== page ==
Is any Unicode standard that define "small capital" characters?

afonseca1974's picture

Hi everyone!

Is there a list with the Latin alphabet in small capital Unicode? I'm trying to understand if there is a Unicode standard that does define "small capital" characters?

António

Jackson's picture

There are no small cap unicode values.

afonseca1974's picture

Hmm...that was my inicial idea but then I found this .
Since wikipedia sometimes (ok...lots of times :)) is not accurate I dicided to ask the "pros" here!

António

clauses's picture

The IPA Extensions, Phonetic Extensions and Latin Extended-D are not small caps proper, they just happen to have the same design as small caps proper. Or said in other words the design of these characters was appropriated from proper small caps, but the semantic link to small caps proper is broken and replaced with something else. The context of use will show which of the two they are.

Proper small caps do not have Unicode code-points.

afonseca1974's picture

OK.
Thanks jackson and clauses!

António

bowerbird's picture

jackson said:
> There are no small cap unicode values.

oh geez, take it back to the drawing board.

-bowerbird

dezcom's picture

Small caps are a stylistic variant of the standard alphabet. They do not require a separate unicode value. Small caps refer to the base letter and are accounted for in the opentype feature code which is part of the font. The feature code spells out that the normal glyphs (usually defined in a class) are substituted by the smallcap glyphs (usually defined in another class) when the "smallcaps" feature is selected by the user.
Bold and italic have no separate unicode value either. They also just present the same letter in a different style. Bold and italic do not require feature code, however, since they reside in their own separate font.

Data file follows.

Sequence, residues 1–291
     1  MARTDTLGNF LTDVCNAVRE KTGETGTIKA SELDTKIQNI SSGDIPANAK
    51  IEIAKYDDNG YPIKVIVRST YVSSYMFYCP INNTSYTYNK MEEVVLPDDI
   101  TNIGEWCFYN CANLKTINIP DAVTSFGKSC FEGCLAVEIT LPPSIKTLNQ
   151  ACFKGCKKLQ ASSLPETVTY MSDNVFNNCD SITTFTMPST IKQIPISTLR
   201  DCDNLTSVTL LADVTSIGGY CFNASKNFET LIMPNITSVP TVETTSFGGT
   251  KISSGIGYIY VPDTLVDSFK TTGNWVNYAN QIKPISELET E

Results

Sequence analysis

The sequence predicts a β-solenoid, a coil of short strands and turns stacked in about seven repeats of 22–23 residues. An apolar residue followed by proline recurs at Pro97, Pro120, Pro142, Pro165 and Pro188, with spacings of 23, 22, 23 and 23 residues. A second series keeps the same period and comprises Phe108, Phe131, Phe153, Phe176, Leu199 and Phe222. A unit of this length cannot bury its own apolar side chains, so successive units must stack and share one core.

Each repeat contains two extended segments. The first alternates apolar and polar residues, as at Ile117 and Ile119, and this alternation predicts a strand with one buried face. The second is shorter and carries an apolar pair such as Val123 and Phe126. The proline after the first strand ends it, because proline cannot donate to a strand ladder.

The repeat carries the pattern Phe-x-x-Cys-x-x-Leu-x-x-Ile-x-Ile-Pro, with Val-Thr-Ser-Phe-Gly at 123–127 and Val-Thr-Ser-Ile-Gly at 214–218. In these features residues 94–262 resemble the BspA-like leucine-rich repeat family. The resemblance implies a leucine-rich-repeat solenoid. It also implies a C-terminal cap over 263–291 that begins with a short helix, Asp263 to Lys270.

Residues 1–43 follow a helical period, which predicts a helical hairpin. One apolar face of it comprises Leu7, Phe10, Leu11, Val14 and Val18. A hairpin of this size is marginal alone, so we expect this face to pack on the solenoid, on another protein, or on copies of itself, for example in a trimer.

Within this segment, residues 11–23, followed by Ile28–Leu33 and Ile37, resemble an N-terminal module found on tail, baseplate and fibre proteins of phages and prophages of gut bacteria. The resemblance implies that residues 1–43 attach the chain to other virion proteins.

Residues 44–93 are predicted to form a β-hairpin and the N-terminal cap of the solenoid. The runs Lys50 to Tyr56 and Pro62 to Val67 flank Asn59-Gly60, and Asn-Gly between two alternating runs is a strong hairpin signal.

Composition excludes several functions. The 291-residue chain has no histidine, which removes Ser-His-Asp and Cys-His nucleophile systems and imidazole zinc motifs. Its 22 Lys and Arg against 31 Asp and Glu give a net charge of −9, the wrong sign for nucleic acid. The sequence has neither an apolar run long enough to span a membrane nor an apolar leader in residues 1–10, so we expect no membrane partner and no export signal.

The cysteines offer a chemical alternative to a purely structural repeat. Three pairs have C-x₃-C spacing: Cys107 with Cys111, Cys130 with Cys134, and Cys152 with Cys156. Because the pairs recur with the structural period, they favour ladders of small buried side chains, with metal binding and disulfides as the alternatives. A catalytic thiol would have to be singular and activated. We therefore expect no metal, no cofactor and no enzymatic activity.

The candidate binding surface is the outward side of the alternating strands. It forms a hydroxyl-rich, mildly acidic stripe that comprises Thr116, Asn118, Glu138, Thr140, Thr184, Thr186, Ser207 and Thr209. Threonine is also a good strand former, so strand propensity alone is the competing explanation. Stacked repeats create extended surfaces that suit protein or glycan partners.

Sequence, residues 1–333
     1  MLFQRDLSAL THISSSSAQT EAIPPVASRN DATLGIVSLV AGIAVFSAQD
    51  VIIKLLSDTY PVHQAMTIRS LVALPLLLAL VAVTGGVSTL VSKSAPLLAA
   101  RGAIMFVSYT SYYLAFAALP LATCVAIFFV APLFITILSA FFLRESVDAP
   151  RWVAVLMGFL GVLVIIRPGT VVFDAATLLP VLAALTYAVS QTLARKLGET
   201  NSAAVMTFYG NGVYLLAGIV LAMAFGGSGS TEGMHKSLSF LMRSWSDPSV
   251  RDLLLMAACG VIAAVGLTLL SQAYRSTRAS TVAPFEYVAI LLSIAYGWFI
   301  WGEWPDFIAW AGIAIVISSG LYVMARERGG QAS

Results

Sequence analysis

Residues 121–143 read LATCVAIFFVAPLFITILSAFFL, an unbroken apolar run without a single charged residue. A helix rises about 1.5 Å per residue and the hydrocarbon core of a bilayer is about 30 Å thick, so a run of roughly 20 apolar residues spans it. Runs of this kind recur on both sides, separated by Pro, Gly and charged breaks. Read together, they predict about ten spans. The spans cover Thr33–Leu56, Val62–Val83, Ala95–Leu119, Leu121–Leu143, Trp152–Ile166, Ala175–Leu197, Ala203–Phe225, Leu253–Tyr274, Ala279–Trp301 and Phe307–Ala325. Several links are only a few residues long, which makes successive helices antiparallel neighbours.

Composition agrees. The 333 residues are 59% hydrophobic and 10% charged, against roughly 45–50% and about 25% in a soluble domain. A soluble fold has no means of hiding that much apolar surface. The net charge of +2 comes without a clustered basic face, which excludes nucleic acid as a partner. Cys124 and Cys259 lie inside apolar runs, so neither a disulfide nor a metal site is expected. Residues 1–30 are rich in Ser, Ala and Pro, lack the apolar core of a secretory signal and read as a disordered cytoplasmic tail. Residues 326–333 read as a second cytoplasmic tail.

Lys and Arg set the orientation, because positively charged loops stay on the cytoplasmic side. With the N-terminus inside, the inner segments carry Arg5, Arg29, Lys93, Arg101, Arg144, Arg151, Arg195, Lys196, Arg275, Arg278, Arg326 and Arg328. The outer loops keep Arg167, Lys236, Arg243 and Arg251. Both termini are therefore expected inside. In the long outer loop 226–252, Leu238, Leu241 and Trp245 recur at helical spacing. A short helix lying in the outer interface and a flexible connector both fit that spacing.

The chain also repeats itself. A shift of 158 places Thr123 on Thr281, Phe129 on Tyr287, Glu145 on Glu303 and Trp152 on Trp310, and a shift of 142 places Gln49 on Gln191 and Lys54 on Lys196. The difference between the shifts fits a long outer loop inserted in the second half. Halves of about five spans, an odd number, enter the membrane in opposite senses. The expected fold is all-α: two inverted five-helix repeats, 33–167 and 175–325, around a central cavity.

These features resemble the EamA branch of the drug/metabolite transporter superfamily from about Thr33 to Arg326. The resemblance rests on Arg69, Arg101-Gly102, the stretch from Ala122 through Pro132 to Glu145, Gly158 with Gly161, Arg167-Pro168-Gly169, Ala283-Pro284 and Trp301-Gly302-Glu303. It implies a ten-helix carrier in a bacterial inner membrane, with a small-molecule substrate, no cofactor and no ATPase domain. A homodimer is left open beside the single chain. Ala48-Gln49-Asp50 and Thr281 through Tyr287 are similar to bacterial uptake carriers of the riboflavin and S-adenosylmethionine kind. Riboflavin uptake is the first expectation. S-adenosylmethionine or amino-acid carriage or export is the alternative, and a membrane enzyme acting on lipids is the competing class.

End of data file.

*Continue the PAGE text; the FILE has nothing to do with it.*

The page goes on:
ChrisL

John Hudson's picture

More succinctly, Unicode is a character encoding standard for plain text, not a glyph encoding standard for rich text.

charles ellertson's picture

Everybody but Chris is being quite succinct.

What helped me understand the decision was the glyph/character distinction. A *glyph* is a particular rendering. So the glyph *A* is different in Times than in Helvetica (or in any other font), but they are the same character. A Latin *A*, is a different character than a Greek *Alpha*, but within a single font, they are often the same glyph. "Small" capitals as a stylistic variant are taken to be the same character as "regular" capitals, hence have no separate codepoint. That they are small does not change the meaning of the text -- except for "languages" such as phonetics where they have a different meaning, hence need a codepoint.

dezcom's picture

Sorry not to be among the succinct :-)

ChrisL

clauses's picture

A plain 'sorry' would have been quite enough Chris :-P

dezcom's picture

LOL!!!

ChrisL

afonseca1974's picture

Thank you teachers for the lesson! eh eh
Really, thanks for the info and a "plain sorry" for my ignorance on the matter...

António

Don McCahill's picture

António

Never say you are sorry for attempting to acquire knowledge. (And your question has provided knowledge for others who did not know the same ... including me.)

Don

Morpheus10's picture

+1 to don's post

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